The submarines' limited fuel capacities restricted them to operations only within the Bay of Biscay. Only five torpedoes were carried,
preloaded in the tubes, to free up space needed for additional gun crew.

Four VIIC boats were modified for use as surface escorts for U-boats departing and returning to French Atlantic bases. These "U-flak"
boats were U-441, U-256, U-621, and U-953. Conversion began on three others (U-211, U-263, and U-271) but none was completed
and they were eventually returned to duty as standard VIIC attack boats.

The modified boats became operational in June 1943 and at first appeared to be successful against a surprised Royal Air Force. Hoping
that the extra firepower might allow the boats to survive relentless British air attacks in the Bay of Biscay and reach their operational
areas, Donitz ordered the boats to cross the bay in groups at maximum speed. The effort earned the Germans about two more months of
relative freedom, until the RAF modified their tactics. When a pilot saw that a U-boat was going to fight on the surface, he held off
attacking and called in reinforcements. When several aircraft had arrived, they all attacked at once. If the U-boat dived, surface vessels
were called to the scene to scour the area with sonar and drop depth charges. The British also began equipping some aircraft with
rockets that could sink a U-boat with a single hit, finally making it too dangerous for a U-boat to attempt to fight it out on the surface
regardless of its armament.[77] In November 1943, less than six months after the experiment began, it was discontinued. All U-flaks
were converted back to standard attack boats and fitted with Turm 4, the standard anti-aircraft armament for U-boats at the time.
(According to German sources, only six aircraft had been shot down by the U-flaks in six missions, three by U-441, and one each by U-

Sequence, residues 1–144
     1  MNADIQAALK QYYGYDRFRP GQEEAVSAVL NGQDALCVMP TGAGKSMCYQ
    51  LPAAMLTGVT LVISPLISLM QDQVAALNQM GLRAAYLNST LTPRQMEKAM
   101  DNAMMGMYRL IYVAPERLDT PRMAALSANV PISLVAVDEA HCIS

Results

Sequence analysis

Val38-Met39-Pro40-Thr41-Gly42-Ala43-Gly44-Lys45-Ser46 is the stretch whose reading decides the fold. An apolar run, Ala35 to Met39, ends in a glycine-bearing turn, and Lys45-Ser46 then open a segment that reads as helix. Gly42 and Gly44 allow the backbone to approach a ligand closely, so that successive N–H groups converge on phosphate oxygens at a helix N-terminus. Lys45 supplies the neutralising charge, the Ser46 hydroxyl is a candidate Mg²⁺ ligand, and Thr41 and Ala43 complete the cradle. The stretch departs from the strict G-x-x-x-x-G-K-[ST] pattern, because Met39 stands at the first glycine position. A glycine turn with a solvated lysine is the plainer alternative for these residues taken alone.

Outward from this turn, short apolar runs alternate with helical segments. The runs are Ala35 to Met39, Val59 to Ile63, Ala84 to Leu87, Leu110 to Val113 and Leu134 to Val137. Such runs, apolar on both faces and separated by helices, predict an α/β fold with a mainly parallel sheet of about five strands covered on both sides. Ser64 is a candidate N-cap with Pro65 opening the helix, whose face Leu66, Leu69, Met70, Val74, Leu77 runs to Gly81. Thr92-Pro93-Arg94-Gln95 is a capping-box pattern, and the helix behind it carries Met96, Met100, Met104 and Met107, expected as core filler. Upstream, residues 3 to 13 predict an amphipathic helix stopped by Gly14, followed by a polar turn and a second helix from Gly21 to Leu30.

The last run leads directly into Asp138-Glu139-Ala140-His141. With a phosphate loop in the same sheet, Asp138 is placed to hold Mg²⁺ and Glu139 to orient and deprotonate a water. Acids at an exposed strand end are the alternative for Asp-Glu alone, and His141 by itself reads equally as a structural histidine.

256, U-621, and U-953.)

List of Type VIIC submarines

568 Type VIIC submarines were commissioned between 1940 to 1945.

Type VIIC/41
Type VIIC/41 was a slightly modified version of the VIIC and had the same armament and
engines. The difference was a stronger pressure hull giving them a deeper crush depth and
lighter machinery to compensate for the added steel in the hull, making them slightly lighter
than the VIIC. A total of 91 were built. All of them from U-1271 onwards lacked the fittings to
handle mines.

Today one Type VIIC/41 still exists: U-995 is on display at Laboe (north of Kiel), the only
surviving Type VII in the world.

List of Type VIIC/41 submarine s


Type VIIC/41 U-995. Laboe Naval
Memorial
There were 91 Type VIIC/41 submarines commissioned.

U-292 U-322 U-995 U-1010 U-1063


U-293 U-323 U-997 U-1013 U-1064
U-294 U-324 U-998 U-1014 U-1065
U-295 U-325 U-999 U-1015 U-1103
U-296 U-326 U-1000 U-1016 U-1104
U-297 U-327 U-1001 U-1017 U-1105
U-298 U-328 U-1002 U-1018 U-1106
U-299 U-407 U-1003 U-1019 U-1107
U-300 U-410 U-1004 U-1020 U-1108
U-317 U-455 U-1005 U-1021 U-1109
U-318 U-827 U-1006 U-1022 U-1110
U-319 U-828 U-1007 U-1023 U-1163
U-320 U-929 U-1008 U-1024 U-1164
U-321 U-930 U-1009 U-1025 U-1165
U-1166 U-1171 U-1274 U-1279 U-1305
U-1167 U-1172 U-1275 U-1301 U-1306
U-1168 U-1271 U-1276 U-1302 U-1307
U-1169 U-1272 U-1277 U-1303 U-1308
U-1170 U-1273 U-1278 U-1304

Views

VIIC submarine U 995 E-machine room, Control of E-machines Diesel engine room Pressure bulkhead
in Laboe behind the diesel engine behind the central
room

View of the central in Central, behind the bow Front area with the four Tower with 2 2 2-
the tower compartment torpedo tubes cm and 1 3.7-cm
antiaircraft gun

Type VIIC/42
The Type VIIC/42 was designed in 1942 and 1943 to replace the aging Type VIIC. It would have had a much stronger pressure hull,